6 lessons I learned in my career so far

6 lessons I learned in my career so far

This year will mark the 10th year of my working life. I dived in head first at 20, freshly graduated in Communication. I’ve been a freelancer and an employee. I wrote, interviewed, translated, recorded voiceovers, edited, strategized, promoted. I honed my skills, developed new ones and I learned. A lot. 

While I’m definitely not done learning (what’s the fun if you know everything?), here are already 6 big lessons that are truly engraved in me and that I would love to pass on to any new professionals or whoever in need of a reminder:

1. Never reply to an email angry

I am not gonna lie: I can be quite impulsive, which might be a counter-effect of trying to not not bottle up my emotions anymore. And many times, I would receive an email with a simple question which I would turn into a complaint or accusation in my head. Now, if you’re anything like me (with a layer of lack of confidence on top), don’t take things personally. And if you still do, I found it incredibly efficient for me to sleep on that email instead of replying in the heat of the moment, especially on the go, and jumping to conclusions or failing to express your thoughts clearly. 4 times out of 5, I realize that, indeed, I just got all worked up for nothing. And 1 time out of 5, my gut feeling is right but at least I can formulate my answer well rested and calm.

2. When it’s too much, just say it

I hate to disappoint or outperform. So I can tend to saying yes to everything, even when I know it will make my stress levels jump off the roof inside. Again, a big con that comes with the art of bottling up. But this is a habit from the past! Obviously, I can only speak for people with a unique role in their team or company but if that’s the case, remind yourself that you’ve been hired because you’re good at what you do and you could fill a void in a field they didn’t have the expertise for. If you keep pretending that you can handle it all, your boss will keep on throwing new tasks at you. Have a talk with your schedule at hand, explain how much time you usually need to deliver the expected results. You’d be surprised of how comprehensive people can be sometimes…

3. Learn to find your focus

Have you heard of Scandinavian countries looking at implementing a four-day week with six-hour workday? It’s been proven scientifically that when we work harder over shorter periods, we can do optimal work with surges in productivity. Personally, I’m not about working hard but about working smart (which, I believe, is what this study actually supports too). I’ve been working from home for most of my career and friends and family are often shocked to find out that I’m REALLY working. That my alarm rings every morning and that I cross tasks off my to-do lists instead videos off my YouTube ‘watch later’ playlist (I do this for breakfast & lunch time though!). Know yourself. Identify the periods during which you’re the most productive and do the biggest chunk of your work at that time. Over the years, I learned that my motivation was at its best in the morning until lunch time so I usually dedicate afternoons to research, admin, calls and meetings. Creative writing can only be done when I’m alone (I wish I was that type of person who write in the train and cafés like novelists!). I actually have many other tips to increase your productivity and work efficiently so I might just prepare another post on this topic…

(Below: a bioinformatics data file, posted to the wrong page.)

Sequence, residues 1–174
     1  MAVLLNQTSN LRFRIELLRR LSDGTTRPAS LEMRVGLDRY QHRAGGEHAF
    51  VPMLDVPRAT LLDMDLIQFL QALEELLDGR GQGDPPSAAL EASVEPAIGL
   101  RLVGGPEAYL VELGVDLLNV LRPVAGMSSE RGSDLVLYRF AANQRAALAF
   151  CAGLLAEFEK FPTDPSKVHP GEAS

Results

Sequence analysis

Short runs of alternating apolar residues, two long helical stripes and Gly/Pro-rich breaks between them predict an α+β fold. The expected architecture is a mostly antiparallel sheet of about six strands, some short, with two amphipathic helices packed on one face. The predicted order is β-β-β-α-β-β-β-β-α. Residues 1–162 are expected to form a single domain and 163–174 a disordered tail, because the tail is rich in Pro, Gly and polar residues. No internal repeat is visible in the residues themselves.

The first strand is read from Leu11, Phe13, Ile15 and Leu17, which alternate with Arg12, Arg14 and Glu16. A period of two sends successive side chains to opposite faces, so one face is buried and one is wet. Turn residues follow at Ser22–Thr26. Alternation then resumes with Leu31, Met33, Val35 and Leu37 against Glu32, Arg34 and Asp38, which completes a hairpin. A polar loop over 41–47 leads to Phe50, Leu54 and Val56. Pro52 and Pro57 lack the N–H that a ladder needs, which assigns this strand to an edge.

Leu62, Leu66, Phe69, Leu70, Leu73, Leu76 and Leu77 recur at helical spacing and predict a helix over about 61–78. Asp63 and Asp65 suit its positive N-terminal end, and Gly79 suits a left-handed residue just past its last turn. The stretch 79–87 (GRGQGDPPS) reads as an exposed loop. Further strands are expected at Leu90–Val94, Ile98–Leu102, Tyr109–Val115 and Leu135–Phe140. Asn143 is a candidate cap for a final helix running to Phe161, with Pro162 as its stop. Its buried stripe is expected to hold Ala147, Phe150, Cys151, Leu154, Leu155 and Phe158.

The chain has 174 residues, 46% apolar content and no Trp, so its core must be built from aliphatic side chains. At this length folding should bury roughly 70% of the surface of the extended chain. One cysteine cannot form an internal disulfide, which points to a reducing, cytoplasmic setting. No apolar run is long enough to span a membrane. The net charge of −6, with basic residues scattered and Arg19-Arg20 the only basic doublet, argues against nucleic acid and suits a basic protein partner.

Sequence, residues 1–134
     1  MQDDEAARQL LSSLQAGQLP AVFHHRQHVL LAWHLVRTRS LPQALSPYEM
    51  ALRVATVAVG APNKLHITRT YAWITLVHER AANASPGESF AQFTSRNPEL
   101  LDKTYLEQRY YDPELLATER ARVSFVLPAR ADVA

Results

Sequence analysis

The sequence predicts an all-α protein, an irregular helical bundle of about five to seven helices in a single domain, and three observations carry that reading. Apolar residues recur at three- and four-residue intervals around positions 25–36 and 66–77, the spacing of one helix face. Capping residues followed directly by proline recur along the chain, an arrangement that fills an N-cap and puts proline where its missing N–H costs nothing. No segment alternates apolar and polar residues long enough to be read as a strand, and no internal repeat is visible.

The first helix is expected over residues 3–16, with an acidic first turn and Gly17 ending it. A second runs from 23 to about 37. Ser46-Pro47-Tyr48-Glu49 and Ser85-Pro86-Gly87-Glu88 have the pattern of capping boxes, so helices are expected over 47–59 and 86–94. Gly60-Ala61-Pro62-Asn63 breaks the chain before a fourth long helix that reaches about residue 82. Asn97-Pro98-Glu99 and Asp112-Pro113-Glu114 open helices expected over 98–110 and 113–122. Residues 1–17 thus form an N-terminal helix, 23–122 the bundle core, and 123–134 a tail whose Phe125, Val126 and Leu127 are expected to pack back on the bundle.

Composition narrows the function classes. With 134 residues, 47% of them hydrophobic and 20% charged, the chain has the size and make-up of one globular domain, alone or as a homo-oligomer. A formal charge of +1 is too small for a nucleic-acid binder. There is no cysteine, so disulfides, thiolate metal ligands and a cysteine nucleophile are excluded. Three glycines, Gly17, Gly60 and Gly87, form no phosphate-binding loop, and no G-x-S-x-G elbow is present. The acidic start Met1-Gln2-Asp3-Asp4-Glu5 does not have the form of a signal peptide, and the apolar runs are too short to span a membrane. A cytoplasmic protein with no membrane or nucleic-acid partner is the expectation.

4. Set your boundaries

Again, this is a big one, especially for people-pleasers. I went through a long period of stress, which remained even after my work load was gone. I realized that my mailbox was just sucking all the energy out of me. If you can afford it (in my case, I could never do this around the launch of a new release or if an artist has a show/press day), turn off all email notifications when the weekend is here. If you’re feeling too overwhelmed, go ahead and even do it when you leave the office. All that useless anxiety will be gone in no time! Another important rule for me is to not befriend new clients. While I love joking around and sharing life stories with the artists I’ve been working with for a while, I implement a policy for any new collaborations: I don’t accept friend requests from clients on Facebook and ignore all professional conversations sliding in my DM’s or Whatsapp. Why? 1. It’s easier to collect all the info in one place. 2. I feel like social media makes you believe that everyone is reachable 24/7 and I’m not.

5. You’ll never get it if you don’t ask for it

I got some nice placements during my campaigns, on websites like Refinery29 or ELLE, magazines like Marie Claire, radios like BBC 1Xtra and even a shout out from Elton John. Every time, people asked me how I did it. My answer: I just tried. Just ask for what you want. At worst, your request will just be ignored and at best, your wish will come true. Yes, it’s that easy and I promise you won’t die either way.

6. Honesty is the best policy

I know, it would have looked so much neater if I had stopped at 5. But I wanted to share one last lesson: be honest. Be true to yourself and impeccable with your word. Expressing how you really feel, being transparent about your process and your skills, and delivering what you promised will make all the difference. Honesty is the reason I convinced many of my clients to work with me in the first place and trust is what made them come back. Say no if you need to, listen to your gut. As long as you’re polite, most people tend to enjoy sincerity (is it that shocking?).


No matter what is your job, I would love to learn about your own experiences and lessons learned: share your thoughts in a comment below!

And if all of this didn’t scare you and actually even made you want to work with me, click HERE to book a PR campaign for your next release :).

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